Battle of Warsaw (1920: Bitwa Warszawska) Review
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1920. Poland faces invasion from Russia, and Chief of State Jósez Pilsudski (Daniel Olbrychski) is determined not to give up without a fight, despite warnings that Polish forces are not strong enough to resist. Jan Krynicki (Borys Szyc) is called up, and takes advantage of his last night of freedom by marrying cabaret singer Ola Raniewska (Natasza Urbanska)...
One thing that the easy availability of DVDs from other countries to our own has shown us, is that there is a large gap between our view of a country's cinema and that of a native to that country. That's true even for countries with which we share a language, but it's even more so with a nation whose principal language isn't English. Our view of French cinema, for example, leaves out the majority of commercial films made there, the thrillers and comedies and other genre fare that simply never gets exported to us. (It's worth mentioning that when Truffaut's The Last Metro was one of the very few films made by one of the key New Wave directors to also be a sizeable hit at the local box office.) Nowadays, given an internet connection and a seller willing to ship overseas, you can order anything that's available. Of course, that creates another problem which anyone with more than a passing knowledge of a given national cinema will be very familiar with: the frustrating knowledge of how much is not available.
There have been attempts to redress this in recent years. Bollywood films have a distribution pattern that bypasses the usual pattern of reviews and wide coverage in favour of marketing directly to their niche audience, and very successful at this they are too. A similar thing has been done with Polish films too, ones aimed at a wide commercial audience rather than arthouses, with runs in cinemas near to Polish communities. One of these was Battle of Warsaw (1920: Bitwa Warszawska), which played UK cinemas in October 2011. I went to see it on its opening Sunday with a friend and her partner: said partner and myself were almost certainly the only non-Poles in the audience. Battle of Warsaw was the most expensive Polish film to date, and the first one shot in 3D.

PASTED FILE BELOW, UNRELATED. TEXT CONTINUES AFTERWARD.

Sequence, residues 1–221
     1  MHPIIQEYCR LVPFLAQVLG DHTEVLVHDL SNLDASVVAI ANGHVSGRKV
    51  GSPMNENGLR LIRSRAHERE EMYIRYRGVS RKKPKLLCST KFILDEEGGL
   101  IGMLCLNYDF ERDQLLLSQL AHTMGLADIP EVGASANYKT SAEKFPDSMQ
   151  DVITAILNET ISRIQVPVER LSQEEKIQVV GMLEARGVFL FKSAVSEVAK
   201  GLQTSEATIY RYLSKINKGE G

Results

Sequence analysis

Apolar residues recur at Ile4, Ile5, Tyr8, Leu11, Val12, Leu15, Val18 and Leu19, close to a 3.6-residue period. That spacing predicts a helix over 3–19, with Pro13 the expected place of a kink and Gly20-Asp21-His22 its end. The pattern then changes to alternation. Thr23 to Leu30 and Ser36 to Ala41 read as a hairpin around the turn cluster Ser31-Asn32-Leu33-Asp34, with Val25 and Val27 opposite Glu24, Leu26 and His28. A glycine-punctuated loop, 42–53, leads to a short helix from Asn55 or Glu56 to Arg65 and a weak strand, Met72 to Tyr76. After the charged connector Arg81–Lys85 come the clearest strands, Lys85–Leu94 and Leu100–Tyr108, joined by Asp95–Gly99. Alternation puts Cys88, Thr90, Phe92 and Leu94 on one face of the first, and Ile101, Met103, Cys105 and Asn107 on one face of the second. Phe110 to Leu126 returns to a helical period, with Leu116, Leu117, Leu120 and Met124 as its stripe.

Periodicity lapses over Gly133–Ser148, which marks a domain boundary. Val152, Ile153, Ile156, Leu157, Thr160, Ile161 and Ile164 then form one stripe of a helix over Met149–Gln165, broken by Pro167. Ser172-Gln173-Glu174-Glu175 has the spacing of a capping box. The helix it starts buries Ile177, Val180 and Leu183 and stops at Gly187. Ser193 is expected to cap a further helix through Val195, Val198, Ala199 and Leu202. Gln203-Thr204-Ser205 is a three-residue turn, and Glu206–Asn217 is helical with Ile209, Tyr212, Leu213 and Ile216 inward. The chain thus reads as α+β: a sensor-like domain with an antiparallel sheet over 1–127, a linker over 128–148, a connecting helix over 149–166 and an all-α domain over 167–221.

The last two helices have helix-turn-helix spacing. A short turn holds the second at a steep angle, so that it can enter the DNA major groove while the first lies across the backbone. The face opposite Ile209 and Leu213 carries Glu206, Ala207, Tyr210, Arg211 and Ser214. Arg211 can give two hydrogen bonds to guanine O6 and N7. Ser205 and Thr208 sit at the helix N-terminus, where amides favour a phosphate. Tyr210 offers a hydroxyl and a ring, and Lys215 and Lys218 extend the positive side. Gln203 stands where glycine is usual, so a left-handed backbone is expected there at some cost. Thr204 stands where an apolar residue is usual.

Inevitably some names are familiar. Daniel Olbrychski has acted in many films over the years, for such directors as Wajda, Kieslowski, Von Trotta and Jancso. DP Sławomir Idziak made his name working with Kieslowski, and was responsible for the bile-and-vomit colour scheme of Dekalog 5/A Short Film About Killing, before much work in the West, including an Oscar nomination for Black Hawk Down. But the young male lead, Borys Szyc, would be much better known to native audiences than foreign ones and this is only Natasza Urbanska's second feature. And the director, Jerzy Hoffman, has a fifty-year career but this is one of just three films of his to be commercially released in the UK, and the other two (Fire and Sword (Ogniem i mieczem), from 1999, and Army of Valhalla (Stara basn. Kiedy slonce bylo bogiem), from 2003) were DVD premieres in the last two years, presumably on the back of the success of Battle of Warsaw.
There's nothing particularly subtle about Battle of Warsaw: it's a straight-down-the-line mainstream war movie, intended as celebration of one of its nation's great victories of history. I'm not best placed to judge its historical accuracy, so I will leave that to others. The battle scenes are this film's raison d'etre and they are well enough done, with some occasionally gruesome moments contributing to the film's 15 certificate. The use of 3D is effective, with bayonets, guns and marching soldiers galore, so it's a pity that this DVD release is 2D only. But it's the kind of film where its heroine can machine-gun a whole phalanx of Russian soldiers without a hair or a daub of makeup out of place.
Battle of Warsaw
is released by Metrodome on a dual-layered DVD encoded for Region 2 only. It begins with trailers for two other Metrodome releases, Resistance and Days of Glory, but these can be skipped if required.
The word “film” is an increasingly common misnomer as this was both captured and projected digitally, at least at the showing I attended. Idziak shot the film on the Sony HDC-P1, capturing at 1080/24p. Hoffman seems to have given him his head as to the film's look, as it has a very heightened, heavily manipulated image that is nothing like realism but doesn't resemble film either – though it does evoke the early colour processes that were around in 1920. Given that this is a very recent production, what you get on this DVD is what was up there on screen, albeit downscaled to SD PAL. And that is exactly what it does look like, with the colours and the shadow detail in line with what I saw on screen...except that it's 2D and not 3D.
The soundtrack comes in both Dolby Digital 5.1 and Dolby Surround (2.0), mostly Polish-language with some scenes in Russian. It's perhaps surprisingly a somewhat front-and-centre sound mix, with the surrounds mostly used for music and ambience. The subwoofer comes in to play with the many examples of explosions and gunfire. English subtitles are non-optional, which is worth bearing in mind if you are fluent in Polish or Russian or both.
The only extra is the theatrical trailer (1:17)